The Official OpenRoad Blog


Filling in User Experience Potholes: Connecting Applications for a Smoother Experience

We’ve all seen it. We’ve watched as user research participants struggle through what should be a simple task. We’ve witnessed them work across multiple off-the-shelf applications, each with their own idiosyncrasies and learning curves. The sum of these disjointed experiences are like driving over a paved, prairie road after the winter thaw: bumpy, unforgiving, and frustrating. But, each pothole is actually an incredible opportunity to address serious user experience challenges within organizations that purchase 3rd party software applications.

Companies will often work with multiple vendors to assist with various parts of their business. There are obvious cost savings rationale associated with purchasing an off-the-shelf product as opposed to developing software in-house. Some examples of this are: purchasing accounting software to track expense claims and purchasing issue-tracking software to organize the triage and resolution of calls to the call centre.

The unfortunate side effect of this is that their employees will now have to deal with several user interfaces throughout their day, each with varying level of usability, each possibly with a different login. This can lead to a very frustrating experience for users when you take into account each user’s unique needs and that each product is usually not designed with the other applications in mind. Over the years I’ve seen the full spectrum of experiences that accompany using 3rd party applications to assist with critical business processes. Some of these applications are just plain painful, some are a pleasure to work with, and some are merely ok  — they get the job done with relatively few headaches and grey hairs. However, “3rd Party Software” doesn’t have to be a dirty phrase. With thoughtful attention to the user’s experience across applications, we can design solutions to fill in those potholes, smoothing out the user’s experience along the way.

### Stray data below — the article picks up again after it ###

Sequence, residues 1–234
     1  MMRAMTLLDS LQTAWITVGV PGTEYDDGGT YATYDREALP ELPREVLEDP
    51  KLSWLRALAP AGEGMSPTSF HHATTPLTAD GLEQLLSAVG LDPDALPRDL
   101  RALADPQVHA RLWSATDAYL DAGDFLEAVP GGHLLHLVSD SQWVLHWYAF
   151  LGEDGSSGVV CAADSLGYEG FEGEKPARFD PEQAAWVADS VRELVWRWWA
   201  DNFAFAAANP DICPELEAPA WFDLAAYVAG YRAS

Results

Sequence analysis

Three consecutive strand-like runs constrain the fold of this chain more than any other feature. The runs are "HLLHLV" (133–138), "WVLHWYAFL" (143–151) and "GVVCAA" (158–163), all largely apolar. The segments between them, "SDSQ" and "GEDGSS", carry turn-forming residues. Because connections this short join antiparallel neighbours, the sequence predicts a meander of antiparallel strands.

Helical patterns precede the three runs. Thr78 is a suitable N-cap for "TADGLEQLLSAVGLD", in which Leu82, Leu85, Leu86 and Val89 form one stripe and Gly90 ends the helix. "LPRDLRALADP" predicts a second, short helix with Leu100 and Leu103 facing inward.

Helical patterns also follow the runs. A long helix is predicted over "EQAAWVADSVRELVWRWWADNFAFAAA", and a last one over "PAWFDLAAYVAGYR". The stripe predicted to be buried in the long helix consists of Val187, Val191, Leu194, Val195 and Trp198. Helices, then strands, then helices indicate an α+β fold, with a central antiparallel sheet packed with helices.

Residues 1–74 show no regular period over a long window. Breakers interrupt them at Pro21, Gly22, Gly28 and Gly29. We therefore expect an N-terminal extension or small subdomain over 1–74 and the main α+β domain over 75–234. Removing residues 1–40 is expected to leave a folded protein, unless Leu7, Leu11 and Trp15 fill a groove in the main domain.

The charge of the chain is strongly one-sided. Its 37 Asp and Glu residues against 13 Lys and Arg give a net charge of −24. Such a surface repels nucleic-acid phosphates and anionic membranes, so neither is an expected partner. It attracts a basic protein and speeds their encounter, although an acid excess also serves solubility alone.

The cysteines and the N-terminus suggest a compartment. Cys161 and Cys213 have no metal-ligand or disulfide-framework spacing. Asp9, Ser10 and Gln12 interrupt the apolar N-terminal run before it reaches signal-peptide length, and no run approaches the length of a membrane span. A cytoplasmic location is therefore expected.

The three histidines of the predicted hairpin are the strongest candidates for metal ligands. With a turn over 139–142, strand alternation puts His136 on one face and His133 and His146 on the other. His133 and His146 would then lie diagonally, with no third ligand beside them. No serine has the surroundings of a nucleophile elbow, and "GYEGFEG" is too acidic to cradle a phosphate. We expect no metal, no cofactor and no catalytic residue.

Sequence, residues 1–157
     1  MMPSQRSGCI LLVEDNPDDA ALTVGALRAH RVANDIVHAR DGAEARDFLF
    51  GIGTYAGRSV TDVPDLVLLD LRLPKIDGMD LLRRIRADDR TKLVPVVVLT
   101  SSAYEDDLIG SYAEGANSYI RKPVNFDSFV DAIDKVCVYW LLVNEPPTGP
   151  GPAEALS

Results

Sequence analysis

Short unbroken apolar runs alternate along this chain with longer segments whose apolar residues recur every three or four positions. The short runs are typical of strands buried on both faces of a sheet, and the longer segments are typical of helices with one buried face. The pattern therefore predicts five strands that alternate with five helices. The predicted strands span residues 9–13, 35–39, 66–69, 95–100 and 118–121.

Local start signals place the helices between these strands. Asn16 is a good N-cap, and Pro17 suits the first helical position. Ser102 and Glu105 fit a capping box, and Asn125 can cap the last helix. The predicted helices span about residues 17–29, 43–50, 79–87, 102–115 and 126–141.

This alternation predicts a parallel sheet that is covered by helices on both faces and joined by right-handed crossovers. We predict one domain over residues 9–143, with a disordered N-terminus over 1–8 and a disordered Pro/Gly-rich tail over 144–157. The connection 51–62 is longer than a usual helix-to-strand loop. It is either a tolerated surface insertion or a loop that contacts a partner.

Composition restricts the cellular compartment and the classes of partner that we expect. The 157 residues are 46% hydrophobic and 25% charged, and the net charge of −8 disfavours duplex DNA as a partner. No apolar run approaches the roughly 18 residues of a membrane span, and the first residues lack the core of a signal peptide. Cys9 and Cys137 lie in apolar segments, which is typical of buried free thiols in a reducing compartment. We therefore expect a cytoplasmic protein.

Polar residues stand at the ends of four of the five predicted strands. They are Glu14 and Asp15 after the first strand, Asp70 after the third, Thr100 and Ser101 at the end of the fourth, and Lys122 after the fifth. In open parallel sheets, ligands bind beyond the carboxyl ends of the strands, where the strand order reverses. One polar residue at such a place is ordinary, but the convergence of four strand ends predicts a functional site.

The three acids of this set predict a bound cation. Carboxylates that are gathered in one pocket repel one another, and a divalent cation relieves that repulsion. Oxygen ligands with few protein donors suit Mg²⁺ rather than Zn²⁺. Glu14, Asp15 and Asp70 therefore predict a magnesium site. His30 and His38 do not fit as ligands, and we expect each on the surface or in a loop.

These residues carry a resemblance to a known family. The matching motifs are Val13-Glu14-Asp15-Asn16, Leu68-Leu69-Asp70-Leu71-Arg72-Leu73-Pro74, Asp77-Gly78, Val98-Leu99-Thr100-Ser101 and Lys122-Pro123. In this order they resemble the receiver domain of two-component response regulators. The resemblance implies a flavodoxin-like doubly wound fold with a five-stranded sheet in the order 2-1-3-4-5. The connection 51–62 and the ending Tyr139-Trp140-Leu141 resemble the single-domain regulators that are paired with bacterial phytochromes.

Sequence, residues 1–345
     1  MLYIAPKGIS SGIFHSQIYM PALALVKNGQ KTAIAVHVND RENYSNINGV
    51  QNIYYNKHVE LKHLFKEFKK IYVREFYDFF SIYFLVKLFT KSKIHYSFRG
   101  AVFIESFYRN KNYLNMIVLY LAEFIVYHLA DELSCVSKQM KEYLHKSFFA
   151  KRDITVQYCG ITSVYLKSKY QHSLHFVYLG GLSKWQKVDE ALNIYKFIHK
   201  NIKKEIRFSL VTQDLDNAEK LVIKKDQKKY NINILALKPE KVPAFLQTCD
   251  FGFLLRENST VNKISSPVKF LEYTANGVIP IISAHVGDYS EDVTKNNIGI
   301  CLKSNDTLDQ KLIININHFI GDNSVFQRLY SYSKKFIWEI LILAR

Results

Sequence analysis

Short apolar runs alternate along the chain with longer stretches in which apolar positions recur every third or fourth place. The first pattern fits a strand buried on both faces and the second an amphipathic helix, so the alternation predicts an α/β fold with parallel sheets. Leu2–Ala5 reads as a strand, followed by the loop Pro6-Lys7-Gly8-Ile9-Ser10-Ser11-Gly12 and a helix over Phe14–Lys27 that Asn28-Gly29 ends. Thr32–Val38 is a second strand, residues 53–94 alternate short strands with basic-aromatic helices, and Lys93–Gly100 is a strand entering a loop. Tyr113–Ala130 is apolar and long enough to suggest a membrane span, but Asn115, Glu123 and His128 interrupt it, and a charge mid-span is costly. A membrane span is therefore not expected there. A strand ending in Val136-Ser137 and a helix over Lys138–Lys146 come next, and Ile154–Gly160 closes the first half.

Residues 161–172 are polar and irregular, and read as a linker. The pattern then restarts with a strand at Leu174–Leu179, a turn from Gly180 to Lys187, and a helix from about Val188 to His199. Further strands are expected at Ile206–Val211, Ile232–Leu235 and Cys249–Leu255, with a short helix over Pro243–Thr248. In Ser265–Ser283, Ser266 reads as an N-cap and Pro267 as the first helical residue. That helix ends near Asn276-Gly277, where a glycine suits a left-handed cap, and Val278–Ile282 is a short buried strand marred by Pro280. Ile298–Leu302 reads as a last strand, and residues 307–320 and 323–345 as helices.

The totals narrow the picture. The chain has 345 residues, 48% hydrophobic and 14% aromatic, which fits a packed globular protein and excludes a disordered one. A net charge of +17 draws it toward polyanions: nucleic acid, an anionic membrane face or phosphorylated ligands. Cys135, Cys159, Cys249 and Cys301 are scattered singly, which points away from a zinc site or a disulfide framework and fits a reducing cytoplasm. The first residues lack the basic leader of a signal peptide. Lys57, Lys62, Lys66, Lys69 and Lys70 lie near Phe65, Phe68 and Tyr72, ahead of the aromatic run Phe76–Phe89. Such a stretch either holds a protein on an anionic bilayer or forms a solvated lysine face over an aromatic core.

Can’t We Just All Get Along?

I recently listened to James Robertson (@s2d_jamesr) give a talk at VanUE on Designing Behind the Firewall, where he showed many different applications of beautifully designed intranets for many enterprise clients. (more…)

UX Book Review: Designing Together by Dan Brown


Designing Together by Dan Brown

I first discovered Dan Brown when I saw him speak at the 2012 IA Summit in New Orleans on “Managing Difficult Situations on Design Projects”. His presentation laid out the basis of what contributes to common interpersonal conflicts and described a toolbox of strategies for handling difficult situations that keep projects moving forward.